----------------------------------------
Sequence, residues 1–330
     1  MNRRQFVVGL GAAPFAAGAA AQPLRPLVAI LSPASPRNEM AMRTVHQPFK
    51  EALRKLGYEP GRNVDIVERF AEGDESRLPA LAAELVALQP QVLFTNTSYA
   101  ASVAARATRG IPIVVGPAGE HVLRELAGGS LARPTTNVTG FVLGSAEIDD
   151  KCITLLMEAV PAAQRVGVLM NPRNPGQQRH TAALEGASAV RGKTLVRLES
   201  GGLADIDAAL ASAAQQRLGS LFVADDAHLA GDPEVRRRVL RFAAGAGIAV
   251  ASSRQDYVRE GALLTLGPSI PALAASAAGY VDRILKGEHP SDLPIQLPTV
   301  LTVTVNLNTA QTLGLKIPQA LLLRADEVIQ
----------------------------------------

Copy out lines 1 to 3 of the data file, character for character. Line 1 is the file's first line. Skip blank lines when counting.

Sequence, residues 1–330
     1  MNRRQFVVGL GAAPFAAGAA AQPLRPLVAI LSPASPRNEM AMRTVHQPFK
    51  EALRKLGYEP GRNVDIVERF AEGDESRLPA LAAELVALQP QVLFTNTSYA